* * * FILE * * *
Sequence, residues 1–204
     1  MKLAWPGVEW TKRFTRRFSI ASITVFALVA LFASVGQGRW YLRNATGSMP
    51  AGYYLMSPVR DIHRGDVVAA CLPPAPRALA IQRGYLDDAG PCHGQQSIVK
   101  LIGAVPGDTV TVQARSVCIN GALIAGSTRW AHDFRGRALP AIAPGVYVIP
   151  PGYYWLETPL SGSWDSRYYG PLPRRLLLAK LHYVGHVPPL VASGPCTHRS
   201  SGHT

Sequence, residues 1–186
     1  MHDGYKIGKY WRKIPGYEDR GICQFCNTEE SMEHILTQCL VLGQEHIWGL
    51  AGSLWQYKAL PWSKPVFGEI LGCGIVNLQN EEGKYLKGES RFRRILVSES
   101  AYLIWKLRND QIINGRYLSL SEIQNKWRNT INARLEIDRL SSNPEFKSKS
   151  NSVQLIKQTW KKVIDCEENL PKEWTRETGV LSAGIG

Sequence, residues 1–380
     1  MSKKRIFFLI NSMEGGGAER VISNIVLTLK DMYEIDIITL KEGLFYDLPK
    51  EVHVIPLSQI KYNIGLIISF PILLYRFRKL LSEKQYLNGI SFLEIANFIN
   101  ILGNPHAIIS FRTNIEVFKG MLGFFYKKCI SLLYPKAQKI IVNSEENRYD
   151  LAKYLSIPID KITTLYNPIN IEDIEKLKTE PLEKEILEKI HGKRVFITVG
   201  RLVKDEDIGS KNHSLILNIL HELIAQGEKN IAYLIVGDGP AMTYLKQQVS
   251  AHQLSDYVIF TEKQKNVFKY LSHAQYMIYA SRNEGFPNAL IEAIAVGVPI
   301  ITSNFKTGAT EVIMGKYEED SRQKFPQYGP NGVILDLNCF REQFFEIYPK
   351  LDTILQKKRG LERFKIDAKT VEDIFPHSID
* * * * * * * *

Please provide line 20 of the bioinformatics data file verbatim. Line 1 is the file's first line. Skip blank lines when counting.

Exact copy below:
   351  LDTILQKKRG LERFKIDAKT VEDIFPHSID